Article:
Absolutely. You can give your dog chicken broth, but avoid giving it soup from a can. Chicken broth is bone-based collagen which has tremendous benefits to your dog’s joints. If canned chicken broth is all you have, make sure to give it a modest-sized serving. Don’t give the entire can because the sodium may be pretty high. The best chicken broth for your dog is a homemade one. You can even add chopped potatoes and carrots for the ultimate healthy meal. Canned chicken soups can contain harmful ingredients aside from sodium, like onion powder and garlic powder. If you see either of these ingredients on food items for dogs, do not feed it to your pet.
Canned Chicken for Dogs With Tummy Problems
If your dog refuses to eat or has an upset stomach, this is an excellent recipe to encourage them to eat without making the problem worse. Make a big batch that you can refrigerate, heat, and serve at mealtimes. Combine eight ounces of white chicken meat with three cups of cooked white rice. Give small dogs ¼ cup, medium dogs ½ cup, and large dogs 1 cup. If they can keep the food down and want some more, you can give them another serving.
Within one to two days, your dog should feel better. If they still refuse to eat, it may be time to take your dog to the vet.
Dog Food Alternatives for Canned Chicken
You may be wondering what else you can give your dog aside from low sodium canned chicken. Try adding a bit of the following to spice things up and make things interesting for your dog again.
- White Rice: Rice is a staple among many households, so it’s an easy and fast meal for your dog. Serve it plain without flavoring or seasoning to keep it healthy. As much as possible, opt for white rice, not brown, since your dog’s digestive system can process white rice better. If you have microwavable rice, check the label because some come with ingredients that can be toxic for your dog. If you see onion or garlic powder in the ingredient list, skip it and give your dog something else.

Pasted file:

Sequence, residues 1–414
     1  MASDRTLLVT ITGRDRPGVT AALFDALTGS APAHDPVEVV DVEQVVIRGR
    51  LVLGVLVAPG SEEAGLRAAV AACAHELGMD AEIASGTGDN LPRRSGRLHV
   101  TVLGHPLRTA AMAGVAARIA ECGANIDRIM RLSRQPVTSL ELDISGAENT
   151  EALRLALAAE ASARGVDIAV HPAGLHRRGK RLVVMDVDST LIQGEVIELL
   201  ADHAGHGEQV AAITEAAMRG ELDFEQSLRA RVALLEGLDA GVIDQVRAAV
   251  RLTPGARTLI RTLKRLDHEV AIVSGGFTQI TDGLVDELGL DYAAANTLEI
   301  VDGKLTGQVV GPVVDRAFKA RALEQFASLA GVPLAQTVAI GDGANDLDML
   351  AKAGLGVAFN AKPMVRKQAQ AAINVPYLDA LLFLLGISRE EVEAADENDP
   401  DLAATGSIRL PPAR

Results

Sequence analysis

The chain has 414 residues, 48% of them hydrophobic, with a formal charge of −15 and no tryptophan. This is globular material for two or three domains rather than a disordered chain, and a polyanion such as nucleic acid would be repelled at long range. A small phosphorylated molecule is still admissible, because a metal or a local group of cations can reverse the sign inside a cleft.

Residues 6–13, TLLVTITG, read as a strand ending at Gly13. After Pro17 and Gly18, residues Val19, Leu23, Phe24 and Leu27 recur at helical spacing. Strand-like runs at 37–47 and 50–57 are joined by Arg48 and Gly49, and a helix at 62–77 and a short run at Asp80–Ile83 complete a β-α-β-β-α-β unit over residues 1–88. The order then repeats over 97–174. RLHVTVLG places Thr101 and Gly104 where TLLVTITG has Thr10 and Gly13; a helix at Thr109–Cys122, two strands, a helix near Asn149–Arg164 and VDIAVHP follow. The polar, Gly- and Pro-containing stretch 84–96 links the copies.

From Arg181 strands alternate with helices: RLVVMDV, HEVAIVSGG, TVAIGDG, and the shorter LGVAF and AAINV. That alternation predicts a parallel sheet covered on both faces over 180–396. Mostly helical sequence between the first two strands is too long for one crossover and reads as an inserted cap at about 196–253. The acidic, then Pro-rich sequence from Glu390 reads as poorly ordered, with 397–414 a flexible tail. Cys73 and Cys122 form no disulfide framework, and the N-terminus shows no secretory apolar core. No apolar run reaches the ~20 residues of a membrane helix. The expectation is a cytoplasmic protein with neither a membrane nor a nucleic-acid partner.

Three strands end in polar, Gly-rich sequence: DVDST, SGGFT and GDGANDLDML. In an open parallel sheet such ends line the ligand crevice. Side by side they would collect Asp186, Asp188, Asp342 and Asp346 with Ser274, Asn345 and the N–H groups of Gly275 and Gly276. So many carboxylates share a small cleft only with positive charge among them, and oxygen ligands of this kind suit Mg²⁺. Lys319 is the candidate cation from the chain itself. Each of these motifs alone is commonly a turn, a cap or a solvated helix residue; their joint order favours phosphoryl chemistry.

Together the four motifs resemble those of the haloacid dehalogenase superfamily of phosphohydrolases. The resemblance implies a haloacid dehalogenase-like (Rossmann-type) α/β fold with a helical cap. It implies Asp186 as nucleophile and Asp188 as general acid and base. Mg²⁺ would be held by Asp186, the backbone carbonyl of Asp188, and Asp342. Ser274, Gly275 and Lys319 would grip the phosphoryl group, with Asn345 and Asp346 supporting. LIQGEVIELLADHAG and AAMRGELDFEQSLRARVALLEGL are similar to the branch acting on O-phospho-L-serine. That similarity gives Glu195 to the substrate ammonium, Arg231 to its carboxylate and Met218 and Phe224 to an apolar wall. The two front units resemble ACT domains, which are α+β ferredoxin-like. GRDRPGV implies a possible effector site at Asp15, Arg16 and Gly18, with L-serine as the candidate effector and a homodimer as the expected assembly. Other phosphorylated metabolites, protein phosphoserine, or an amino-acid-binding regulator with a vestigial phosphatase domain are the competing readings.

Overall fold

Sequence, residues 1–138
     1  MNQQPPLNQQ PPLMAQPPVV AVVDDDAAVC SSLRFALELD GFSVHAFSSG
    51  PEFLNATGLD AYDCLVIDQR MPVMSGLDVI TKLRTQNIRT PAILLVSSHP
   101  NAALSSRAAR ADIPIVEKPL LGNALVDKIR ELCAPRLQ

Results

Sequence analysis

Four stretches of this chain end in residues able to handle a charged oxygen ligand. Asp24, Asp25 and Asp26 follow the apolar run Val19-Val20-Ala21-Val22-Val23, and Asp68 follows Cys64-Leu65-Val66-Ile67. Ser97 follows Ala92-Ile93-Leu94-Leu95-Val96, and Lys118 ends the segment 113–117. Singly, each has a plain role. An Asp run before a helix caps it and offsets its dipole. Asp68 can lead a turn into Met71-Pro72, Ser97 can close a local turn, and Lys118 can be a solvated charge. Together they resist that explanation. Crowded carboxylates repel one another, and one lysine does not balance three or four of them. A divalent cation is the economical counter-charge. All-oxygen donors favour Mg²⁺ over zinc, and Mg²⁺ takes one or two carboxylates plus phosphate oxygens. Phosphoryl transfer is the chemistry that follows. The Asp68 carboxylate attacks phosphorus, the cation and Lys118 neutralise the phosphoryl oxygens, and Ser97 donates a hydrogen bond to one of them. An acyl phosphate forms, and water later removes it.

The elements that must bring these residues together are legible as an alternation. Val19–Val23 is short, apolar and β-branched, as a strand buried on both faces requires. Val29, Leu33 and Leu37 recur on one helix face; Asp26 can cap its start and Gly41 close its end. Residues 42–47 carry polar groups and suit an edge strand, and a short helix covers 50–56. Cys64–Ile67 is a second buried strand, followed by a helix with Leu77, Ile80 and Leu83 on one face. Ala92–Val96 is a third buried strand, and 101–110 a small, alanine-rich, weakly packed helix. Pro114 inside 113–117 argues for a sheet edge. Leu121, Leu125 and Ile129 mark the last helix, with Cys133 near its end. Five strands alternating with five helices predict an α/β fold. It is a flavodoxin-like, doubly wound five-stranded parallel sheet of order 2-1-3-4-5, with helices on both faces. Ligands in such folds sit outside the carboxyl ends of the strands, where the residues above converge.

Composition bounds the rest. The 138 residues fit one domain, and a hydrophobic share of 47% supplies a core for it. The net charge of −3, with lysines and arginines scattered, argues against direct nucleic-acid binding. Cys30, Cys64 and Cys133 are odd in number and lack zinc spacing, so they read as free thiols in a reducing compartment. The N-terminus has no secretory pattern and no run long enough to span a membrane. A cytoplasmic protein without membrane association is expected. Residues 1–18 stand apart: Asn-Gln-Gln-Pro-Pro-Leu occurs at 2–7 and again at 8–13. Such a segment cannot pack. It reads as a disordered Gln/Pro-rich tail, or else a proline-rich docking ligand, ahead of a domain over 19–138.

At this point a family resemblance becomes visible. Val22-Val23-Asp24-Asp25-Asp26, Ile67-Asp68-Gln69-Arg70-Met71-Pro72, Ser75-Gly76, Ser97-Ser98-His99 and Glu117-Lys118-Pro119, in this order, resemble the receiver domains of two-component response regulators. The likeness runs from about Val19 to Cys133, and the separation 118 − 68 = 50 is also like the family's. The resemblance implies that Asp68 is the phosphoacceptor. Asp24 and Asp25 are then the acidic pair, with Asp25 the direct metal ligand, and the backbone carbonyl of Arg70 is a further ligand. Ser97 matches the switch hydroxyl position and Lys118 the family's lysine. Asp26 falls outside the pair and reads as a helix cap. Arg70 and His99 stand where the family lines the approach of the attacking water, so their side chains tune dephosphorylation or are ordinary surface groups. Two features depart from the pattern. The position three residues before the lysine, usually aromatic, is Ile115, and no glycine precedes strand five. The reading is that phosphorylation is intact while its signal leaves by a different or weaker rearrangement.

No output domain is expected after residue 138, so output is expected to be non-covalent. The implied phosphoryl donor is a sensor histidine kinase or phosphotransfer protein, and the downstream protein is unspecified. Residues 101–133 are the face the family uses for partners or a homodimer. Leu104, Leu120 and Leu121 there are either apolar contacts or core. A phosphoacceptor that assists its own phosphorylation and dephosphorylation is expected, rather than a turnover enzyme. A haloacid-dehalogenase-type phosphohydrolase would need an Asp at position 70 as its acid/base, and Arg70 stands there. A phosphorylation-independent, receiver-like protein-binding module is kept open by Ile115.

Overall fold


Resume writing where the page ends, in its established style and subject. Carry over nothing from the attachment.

- Lamb: A better option than canned chicken is lamb. This is another excellent source of digestible and high-quality protein. Additionally, lamb also has myoglobin, vitamin B12, and amino acids that support your dog’s immune system and healthy growth. Lamb also has carnitine which is a good heart supplement and metabolizes fat in your dog’s body.
- Canned Fish: Another great alternative to canned chicken is canned fish or tuna. Fish is rich in omega-3 fatty acids and has a generous amount of lean protein. Be sure to give your dog canned fish in water, not oil. Like the canned chicken, you can rinse the fish first to wash away excess sodium before serving it.
- Canned Pumpkin: Pumpkin is rich in much-needed nutrients that are good for your dog. Its high fiber content is beneficial to your dog’s digestive system. Plain, organic, and canned pumpkin purée is the healthiest option while sweet canned potatoes and pumpkin pie are out of the question. But, again, simple and bland food is the best. Another alternative you can look into is baby food like mashed carrots, apples, and sweet potatoes. Your dog may not like them as much as chicken, but it can curb their hunger for the time being.
- Peanut Butter: Peanut butter is a dog-friendly, flavorful, and convenient snack since almost all pantries have a jar somewhere. Most dog biscuits and treats use them to add taste. Remember to check that the peanut butter you have doesn’t have xylitol, an artificial sweetener that is toxic for dogs. If you have organic and unsalted peanut butter, even better.
Conclusion For “Can Dogs Eat Canned Chicken”
Your dog can certainly eat canned chicken but use it only once in a while. Keep in mind that you can still keep mealtimes interesting and healthy for your dog by trying the suggested alternatives. Remember to check the ingredients of the food you’re providing your companion. There are toxic ingredients that should always be avoided when serving food to a dog. We hope this guide, “Can Dogs Eat Canned Chicken,” will help you make a better decision on whether you should feed it to your companion or not.
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To learn more about what your dog can’t eat, watch “12 Dangerous Foods For Dogs” from ErinsAnimals down below: